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Serie B to introduce 'green card' for good behaviour

Serie B to introduce 'green card' for good behaviour

03/09/2015 at 19:26Updated 03/09/2015 at 19:33

The Italian second division will this weekend roll out a novel scheme to encourage fair play - but will it work?

They have long been accused of gamesmanship and diving in hopes of drawing a penalty, but Italian footballers will soon be able to get a different kind of recognition from referees — a “green card” for good sportsmanship and other “acts of virtue” on the pitch.

Refs already carry a yellow and red card in their shirt pockets — yellow to warn and red to dismiss players for egregious violations of the rules.

According to the Italian newspaper La Stampa, Italy’s Serie B (second division) will add the green card to reward players who commit conspicuous acts of sportsmanship.

The idea was first adopted in Italian youth leagues but this is the first time the scheme will be used at a considerable level and it could spread to other professional leagues, the newspaper said.

There is no in-game reward for earning a green card, but the player’s name will be noted and a list of the “most correct” players will be compiled at the end of the season.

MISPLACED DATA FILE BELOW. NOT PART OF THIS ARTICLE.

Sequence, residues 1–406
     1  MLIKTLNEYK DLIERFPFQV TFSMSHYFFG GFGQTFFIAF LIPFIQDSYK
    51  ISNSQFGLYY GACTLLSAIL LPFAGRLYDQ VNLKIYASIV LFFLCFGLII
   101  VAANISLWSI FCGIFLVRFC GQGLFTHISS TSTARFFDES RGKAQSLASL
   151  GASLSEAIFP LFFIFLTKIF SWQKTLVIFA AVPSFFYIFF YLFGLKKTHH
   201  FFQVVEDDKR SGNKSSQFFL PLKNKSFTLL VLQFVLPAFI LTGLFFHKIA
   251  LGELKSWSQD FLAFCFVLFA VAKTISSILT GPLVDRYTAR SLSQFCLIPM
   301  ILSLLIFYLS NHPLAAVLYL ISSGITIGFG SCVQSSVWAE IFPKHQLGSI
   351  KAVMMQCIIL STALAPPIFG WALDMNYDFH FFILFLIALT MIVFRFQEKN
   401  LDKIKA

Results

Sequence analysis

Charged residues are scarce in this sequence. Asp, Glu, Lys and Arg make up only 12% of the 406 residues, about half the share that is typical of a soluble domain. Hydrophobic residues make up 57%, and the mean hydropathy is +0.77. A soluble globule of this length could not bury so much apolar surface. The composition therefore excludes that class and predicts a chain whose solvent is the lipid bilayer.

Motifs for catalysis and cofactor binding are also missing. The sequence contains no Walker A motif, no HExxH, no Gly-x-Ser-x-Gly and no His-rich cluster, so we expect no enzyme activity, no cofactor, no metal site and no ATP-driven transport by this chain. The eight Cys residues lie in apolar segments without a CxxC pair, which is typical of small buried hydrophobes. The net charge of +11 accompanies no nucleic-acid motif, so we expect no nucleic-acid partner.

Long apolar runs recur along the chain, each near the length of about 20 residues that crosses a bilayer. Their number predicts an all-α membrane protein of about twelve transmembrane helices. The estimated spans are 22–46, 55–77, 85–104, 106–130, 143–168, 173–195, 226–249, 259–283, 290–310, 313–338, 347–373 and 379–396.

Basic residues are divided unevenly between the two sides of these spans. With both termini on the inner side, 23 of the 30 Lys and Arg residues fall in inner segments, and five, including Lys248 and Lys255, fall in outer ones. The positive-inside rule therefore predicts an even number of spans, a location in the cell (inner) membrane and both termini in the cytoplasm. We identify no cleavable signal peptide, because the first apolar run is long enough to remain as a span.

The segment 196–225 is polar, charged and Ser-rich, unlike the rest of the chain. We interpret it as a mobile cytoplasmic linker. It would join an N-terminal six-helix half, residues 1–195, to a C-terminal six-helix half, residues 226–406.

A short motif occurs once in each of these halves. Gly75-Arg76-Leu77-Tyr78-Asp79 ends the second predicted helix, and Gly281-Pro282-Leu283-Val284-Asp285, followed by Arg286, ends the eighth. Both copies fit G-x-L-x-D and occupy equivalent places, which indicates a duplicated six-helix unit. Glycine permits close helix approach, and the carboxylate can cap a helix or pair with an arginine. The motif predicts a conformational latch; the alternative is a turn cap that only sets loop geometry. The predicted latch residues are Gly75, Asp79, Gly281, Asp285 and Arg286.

Green cards can be earned for such actions as sending a ball out of bounds to stop play when a player is injured; helping the referee make a correct call; and — curiously — admitting to having taken a dive in order to win a penalty kick.

The idea, according to Italian officials, is to “highlight those who help to make the game a game and not a battle by primal instincts.”

The green card will be introduced this Saturday, according to our friends over at Eurosport.it.

Some predict it will catch on like other recent innovations, including goal-line technology and spray-marking the line where defenders must stand on free kicks.

OUR VIEW

We're sorry, but this idea comes across as little more than a barmy novelty, a token gesture in an ocean full of sharks hungry for success.

Are you really telling me that a 'green card', with no tangible benefits, is going to be more effective in stamping out diving than, say, retroactively suspending anyone who is caught diving on replays even if they fool the match official on the day?

Credit where it's due to Serie B for giving it a go, however - there'll be more eyes on their league this weekend than there usually is.

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